Do you want life to be more fun and less stressful for both you and your dog? Maybe you’d like your vet visits to involve a little less drool, shaking, and hiding. Or it could be that you feel holed up in your house because walks result in a dog who is afraid to move. Or worse, trying to move so fast and in every direction in a panic that you are tripping or falling over.
Keep reading to learn an easy, quick, low effort game to help build your dog’s confidence and make life easier for everyone.
More money, less sketch
The first game I want to introduce you to is just about as simple as it can get. It’s so simple, you might wonder why on Earth you would use it.
Let me present a scenario for you. Think about an environment that really stresses you out. For me, it would be walking into a room with earwigs scurrying around. Left to my own devices, I guarantee I would not focus on anything but my safety. I very likely would resist anybody touching me for fear they would drag me towards the earwigs. I would dance about to keep any from sneaking on me, jumping and shrieking and batting at my clothing. You get the picture. I’d be too stressed to even be able to talk in complete sentences, so it shouldn’t surprise anyone that I wouldn’t be able to learn one darn thing in that room either.
What I probably could do, however, is go pick up something very valuable to me, such as—oh, I don’t know—some $500 bills! Perhaps I have a friend that is very rich, generous, and understanding of just how freaked out I am. He sets a bill just a few steps away and lets me go get it. Then he does it again and again. What do you think might happen with me? Well, I know:
- I would find thousands of dollars worth being in the room,
- I would have a job, fetching all that money,
- the repetitive setup would get me into a predictable pattern (and who doesn’t like to know what to expect in a worrisome situation), and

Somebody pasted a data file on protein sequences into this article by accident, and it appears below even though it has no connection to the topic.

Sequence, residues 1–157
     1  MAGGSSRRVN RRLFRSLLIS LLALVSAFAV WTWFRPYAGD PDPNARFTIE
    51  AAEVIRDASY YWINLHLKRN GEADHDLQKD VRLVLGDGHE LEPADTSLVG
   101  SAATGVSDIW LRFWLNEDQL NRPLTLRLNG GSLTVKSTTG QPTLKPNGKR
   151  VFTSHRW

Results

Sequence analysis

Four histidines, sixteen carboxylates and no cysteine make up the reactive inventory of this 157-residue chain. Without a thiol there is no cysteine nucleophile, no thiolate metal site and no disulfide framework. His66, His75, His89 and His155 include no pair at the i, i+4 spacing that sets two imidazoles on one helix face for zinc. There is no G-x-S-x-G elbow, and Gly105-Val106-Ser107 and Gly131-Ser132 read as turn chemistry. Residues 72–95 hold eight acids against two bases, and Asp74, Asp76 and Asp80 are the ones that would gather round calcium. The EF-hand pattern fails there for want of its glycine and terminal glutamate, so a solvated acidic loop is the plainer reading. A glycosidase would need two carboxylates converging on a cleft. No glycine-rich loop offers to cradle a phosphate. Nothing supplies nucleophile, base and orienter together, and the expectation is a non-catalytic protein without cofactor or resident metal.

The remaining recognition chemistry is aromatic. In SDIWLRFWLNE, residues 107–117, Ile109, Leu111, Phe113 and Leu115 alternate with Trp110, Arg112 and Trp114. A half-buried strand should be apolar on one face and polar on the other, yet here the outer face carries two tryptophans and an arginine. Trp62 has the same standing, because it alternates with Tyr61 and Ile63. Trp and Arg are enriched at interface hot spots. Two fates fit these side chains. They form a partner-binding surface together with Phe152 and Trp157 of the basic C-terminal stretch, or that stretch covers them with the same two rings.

- all these combined would probably help me to relax.
Even if the setup didn’t completely resolve my fear of earwigs, I would probably be a little less worried about them knowing that they bring an opportunity to increase my bank account. Heck, I might even volunteer to go into the room if I knew my friend was there with his bag o’ money!
Treats will rain from the sky!
Now, translate that scenario into one with a dog at a vet clinic. Many dogs—even those who may be confident elsewhere-—shrink and shake the moment they arrive. If you find your dog’s $500 bill, you’ve got the only tool you need to play the game that we’ll just call “Treat Toss” (descriptive, yes?). While you’re waiting, whether you are in the lobby or the exam room, just merrily toss a treat close by your dog, and encourage him to eat it. Then, toss again! And again! How easy is that?
I’ve used this many times with one of my dogs, whose world tends to crumble at the vet hospital. It usually works beautifully to help visibly relax and soothe them. Don’t be afraid to be their cheerleader, by the way! Make a game of it whenever you need to give your dog something to do. Success builds confidence and eases worries for people and pets.
I hope you both enjoy this game. And that it helps your dog on that path towards being a confident dog. Our next blog in this series is about ways to engage your dog’s senses to help him along. If you’d like to learn other games and skills for training shy dogs, join us for Bashful Buster or a private lesson.